Warning The titanium dome diaphragm is very very very fragile and should not be touched.
The majority of horn systems are 2 Way One 15in front loaded speaker with one horn. Against marketing and popular belief compression drivers do not successfully produce energy above 6k – 10k Hz. Compression tweeters are rarely used because of cost, and consumer demand for systems to be small.
Traditionally professional sound systems are not designed for fidelity. The most common practice with these 2 way systems is to EQ (equalise) boost the hi-frequency energy to the horn with limited success. The extreme of this practice is with constant directivity horns.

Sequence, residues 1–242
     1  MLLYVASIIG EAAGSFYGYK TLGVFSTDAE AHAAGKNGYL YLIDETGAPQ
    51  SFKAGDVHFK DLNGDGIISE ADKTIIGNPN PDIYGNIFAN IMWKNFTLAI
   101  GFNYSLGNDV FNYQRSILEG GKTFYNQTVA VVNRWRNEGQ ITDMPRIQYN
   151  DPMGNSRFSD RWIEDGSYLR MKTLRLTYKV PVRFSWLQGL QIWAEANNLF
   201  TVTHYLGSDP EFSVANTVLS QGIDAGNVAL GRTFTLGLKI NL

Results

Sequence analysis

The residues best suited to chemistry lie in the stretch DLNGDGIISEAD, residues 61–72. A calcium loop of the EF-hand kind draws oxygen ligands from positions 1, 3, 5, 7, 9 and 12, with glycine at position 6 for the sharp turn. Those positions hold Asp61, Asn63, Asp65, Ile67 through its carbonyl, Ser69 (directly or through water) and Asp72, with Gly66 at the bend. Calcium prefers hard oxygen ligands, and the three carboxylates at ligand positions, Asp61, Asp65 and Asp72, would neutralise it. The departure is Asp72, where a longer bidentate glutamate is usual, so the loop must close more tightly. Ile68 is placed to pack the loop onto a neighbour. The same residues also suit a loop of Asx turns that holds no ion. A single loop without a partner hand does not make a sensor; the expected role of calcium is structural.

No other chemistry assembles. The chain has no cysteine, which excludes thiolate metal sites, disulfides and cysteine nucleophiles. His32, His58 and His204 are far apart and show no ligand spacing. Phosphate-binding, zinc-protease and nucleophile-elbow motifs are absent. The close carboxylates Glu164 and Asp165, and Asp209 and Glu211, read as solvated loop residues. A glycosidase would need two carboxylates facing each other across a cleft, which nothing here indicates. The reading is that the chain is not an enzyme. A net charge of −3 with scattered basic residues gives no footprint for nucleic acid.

Compression tweeters are approx 106 – 110dB/m/W efficient. 50 – 100 Watt Compression tweeters have always been available but have not been commonly used because of cost. These tweeters are of excellent quality and superior in performance to the majority of domestic audiophile tweeters.
For active systems, Compression drivers and compression tweeters must not be connected directly to the amplifier. Protection capacitors must be placed in series between the amplifier and compression driver and compression tweeter. The turn on-off pulses and DC offset from the amplifier can easily destroy the diaphragms. The capacitors will also add an extra 6dB of roll-off to the crossover filter slope.